By Juan Barquin
By Amy Nicholson
By Alan Scherstuhl
By Travis Cohen
By Juan Barquin
By Stephanie Zacharek
By Amy Nicholson
By Juan Barquin
The ultimate plain-talker, Jimmy Hoffa was never known as an author of fine ironies. But one real beauty clings to him eighteen years after his disappearance: He remains a hero to a lot of the people he stole from.
Director Danny DeVito, screenwriter David Mamet, and leading man Jack Nicholson think quite a bit of him, too. In Hoffa, they define the powerful Teamsters boss in conventional Hollywood terms: He's a man of the people, two-fisted rebel and tireless idealist. The other things Jimmy Hoffa was -- convicted embezzler, jury tamperer, Mafia stooge -- are ignored, dismissed with a shrug or casually romanticized. Heroes regularly score better at the box office than villains, and these moviemakers are content to see Hoffa as the guy who "built the union with a pair of balls and a billy club" and soft-pedal the guy who looted the Teamsters pension fund, sold out to mobsters, and gave unionism a bad name. Even the studio's ad slogan -- "He did what he had to" -- casts him as the Rocky Balboa of Labor. He was also the Heinrich Himmler.
As long as you take it as sheer fiction, this is a reasonably entertaining biography -- all two-and-a-half hours of it. From the first moment Nicholson screws his features into the same tight-lipped glower he wore as the wiseguy in Prizzi's Honor, we are reminded that this is one of our most gifted actors: The title role here allows him to wheedle, rave, and brood to his heart's content (and ours), to empty his whole repertoire of effects onto the screen. When Nicholson's hard-nosed Hoffa annihilates Kevin Anderson's wimpy, easily flustered version of Bobby Kennedy in a Senate crime hearing, Jack-junkies will find themselves in Heaven.
Nicholson has help from a pretty fair supporting cast. Director DeVito (how short is he, anyway?) doubles as fictional Bobby Ciaro, a composite of all the loyal union lackeys who ever revolved in Hoffa's orbit, and Armand Assante brings some dark comic menace to Carol D'Allesandro, a composite of all the tough Mafia dons Hoffa had dealings with. J.T. Walsh, Nicholson's second-in-command in A Few Good Men, pops up again here as Frank Fitzsimmons, the golf-loving Teamster who oversaw Hoffa's presidency when he went to jail in the late Sixties. As Hoffa's wife, Jo, Natalija Noulich either wound up on the cutting room floor or never really existed: We meet her in three or four brief, nearly speechless flashes.
In technical and narrative terms, the film is less successful. For one thing, DeVito, who's previously directed two intimate comedies, Throw Momma From the Train and The War of the Roses, mismanages the epic style here: His teeming riot scenes and busy courtroom setpieces clunk along self-consciously; when he packs his hero off to jail on a swell of violins, you want him to come off it. Meanwhile, playwright Mamet's elliptical, if not baffling, screenwriting style flashes back and forth across the decades with so little regard for continuity, character development, or historical event that you wonder throughout if this is still America in the Twentieth Century. Mamet first throws the fiery young Hoffa at us, full-grown, about 1931, when he's hitching rides with Detroit truckdrivers, proselytizing for what was then a struggling young organization. We get no view of his childhood and scant sense of his motivations, and for the next 40 years he hardly changes at all.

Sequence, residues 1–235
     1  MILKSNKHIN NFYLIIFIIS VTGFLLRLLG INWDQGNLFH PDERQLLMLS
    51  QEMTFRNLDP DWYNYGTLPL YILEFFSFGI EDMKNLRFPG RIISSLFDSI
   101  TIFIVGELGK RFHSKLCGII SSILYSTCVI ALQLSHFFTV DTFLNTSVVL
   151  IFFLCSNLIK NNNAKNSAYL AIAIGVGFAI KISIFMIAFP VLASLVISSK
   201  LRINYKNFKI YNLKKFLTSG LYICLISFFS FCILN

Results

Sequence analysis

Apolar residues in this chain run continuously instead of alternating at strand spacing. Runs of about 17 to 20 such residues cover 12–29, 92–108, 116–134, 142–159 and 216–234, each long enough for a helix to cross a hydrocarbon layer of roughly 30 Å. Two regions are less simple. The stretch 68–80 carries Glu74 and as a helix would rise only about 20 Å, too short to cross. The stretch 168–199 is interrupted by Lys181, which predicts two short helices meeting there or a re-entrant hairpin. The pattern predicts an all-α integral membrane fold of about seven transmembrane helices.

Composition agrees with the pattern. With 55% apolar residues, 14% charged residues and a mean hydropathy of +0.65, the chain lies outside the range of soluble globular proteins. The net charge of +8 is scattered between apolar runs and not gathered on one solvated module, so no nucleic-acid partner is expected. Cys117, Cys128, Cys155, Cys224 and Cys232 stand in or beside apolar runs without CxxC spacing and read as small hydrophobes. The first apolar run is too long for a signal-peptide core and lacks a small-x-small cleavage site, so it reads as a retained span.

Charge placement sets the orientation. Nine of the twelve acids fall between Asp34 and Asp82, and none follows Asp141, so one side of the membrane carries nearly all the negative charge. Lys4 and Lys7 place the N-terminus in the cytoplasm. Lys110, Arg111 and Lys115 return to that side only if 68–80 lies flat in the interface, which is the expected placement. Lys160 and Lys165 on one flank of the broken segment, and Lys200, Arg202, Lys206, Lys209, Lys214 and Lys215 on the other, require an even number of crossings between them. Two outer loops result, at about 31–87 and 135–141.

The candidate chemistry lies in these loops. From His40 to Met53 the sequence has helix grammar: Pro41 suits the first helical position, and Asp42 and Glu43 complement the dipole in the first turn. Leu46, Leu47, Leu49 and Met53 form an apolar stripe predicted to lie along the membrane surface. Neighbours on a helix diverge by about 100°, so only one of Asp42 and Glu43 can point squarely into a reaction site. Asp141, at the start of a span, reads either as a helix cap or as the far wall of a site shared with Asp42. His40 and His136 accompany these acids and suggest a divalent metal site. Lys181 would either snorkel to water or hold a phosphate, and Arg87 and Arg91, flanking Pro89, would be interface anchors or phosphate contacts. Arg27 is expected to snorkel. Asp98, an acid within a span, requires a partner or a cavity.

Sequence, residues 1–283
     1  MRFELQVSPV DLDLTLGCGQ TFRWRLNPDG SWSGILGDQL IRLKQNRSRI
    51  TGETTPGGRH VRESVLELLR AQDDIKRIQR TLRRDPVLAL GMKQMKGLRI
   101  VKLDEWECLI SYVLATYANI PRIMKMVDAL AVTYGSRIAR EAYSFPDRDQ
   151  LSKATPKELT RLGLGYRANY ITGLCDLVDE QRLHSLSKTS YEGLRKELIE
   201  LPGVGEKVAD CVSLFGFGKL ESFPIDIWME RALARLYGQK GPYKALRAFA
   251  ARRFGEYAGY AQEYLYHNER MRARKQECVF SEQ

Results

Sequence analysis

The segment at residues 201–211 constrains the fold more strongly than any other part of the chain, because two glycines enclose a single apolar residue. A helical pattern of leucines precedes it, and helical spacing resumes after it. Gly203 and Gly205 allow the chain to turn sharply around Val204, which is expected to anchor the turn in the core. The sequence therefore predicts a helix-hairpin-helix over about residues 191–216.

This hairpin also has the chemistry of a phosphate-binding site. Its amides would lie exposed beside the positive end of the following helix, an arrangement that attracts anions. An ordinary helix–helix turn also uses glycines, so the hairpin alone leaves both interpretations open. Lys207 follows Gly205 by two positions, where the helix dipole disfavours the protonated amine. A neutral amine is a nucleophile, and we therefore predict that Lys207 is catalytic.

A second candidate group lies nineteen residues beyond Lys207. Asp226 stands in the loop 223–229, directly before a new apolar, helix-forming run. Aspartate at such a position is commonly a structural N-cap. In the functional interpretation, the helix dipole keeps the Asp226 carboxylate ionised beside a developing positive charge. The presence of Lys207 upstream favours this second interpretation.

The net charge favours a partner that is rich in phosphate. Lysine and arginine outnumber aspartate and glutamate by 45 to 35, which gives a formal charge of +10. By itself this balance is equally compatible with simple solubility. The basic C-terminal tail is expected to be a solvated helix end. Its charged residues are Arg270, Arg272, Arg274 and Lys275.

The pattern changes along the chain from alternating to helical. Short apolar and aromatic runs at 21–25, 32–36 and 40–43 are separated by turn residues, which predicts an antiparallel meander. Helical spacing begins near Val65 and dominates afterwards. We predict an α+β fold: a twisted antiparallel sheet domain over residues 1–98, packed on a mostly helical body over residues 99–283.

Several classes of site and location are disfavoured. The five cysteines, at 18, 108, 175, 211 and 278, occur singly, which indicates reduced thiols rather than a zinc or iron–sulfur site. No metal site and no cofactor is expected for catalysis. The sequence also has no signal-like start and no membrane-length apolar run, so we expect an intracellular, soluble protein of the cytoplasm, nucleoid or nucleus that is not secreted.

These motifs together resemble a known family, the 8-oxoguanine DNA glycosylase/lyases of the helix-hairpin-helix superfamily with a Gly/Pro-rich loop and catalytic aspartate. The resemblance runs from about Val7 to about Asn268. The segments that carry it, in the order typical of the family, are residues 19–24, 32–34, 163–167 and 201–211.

As usual, Mamet's dialogue is sharp and true-to-life, even if some of his eat-your-broccoli lessons in Labor history and his insistence on Hoffa's pragmatic heroism are not: As Mamet would have it, the only reason Jimmy hijacked trucks was to advance the cause of the working man, and all he ever did with the stolen pension-fund money was put it in a savings account. Yes, and Albert Anastasia was kind to little children.
Hoffa had his good points, but all this whitewash is a little hard to swallow. The Teamsters are still damaged by his influence and remain under the watchful eye of a federal administrator; union members everywhere have to live him down. Meanwhile, one tabloid mythology has it that he's buried in the end zone at the Meadowlands, a region largely untrammeled by this year's Giants and Jets. Mamet and DeVito don't go that far, but their speculation about his unsolved 1975 disappearance, which serves as the film's dramatic parenthesis, is one of its most interesting fictional elements. The rest reads a little too much like the Gospel of St. James.
Directed by Danny DeVito; screenplay by David Mamet; with Jack Nicholson, Danny DeVito, Armand Assante, and J.T. Walsh.
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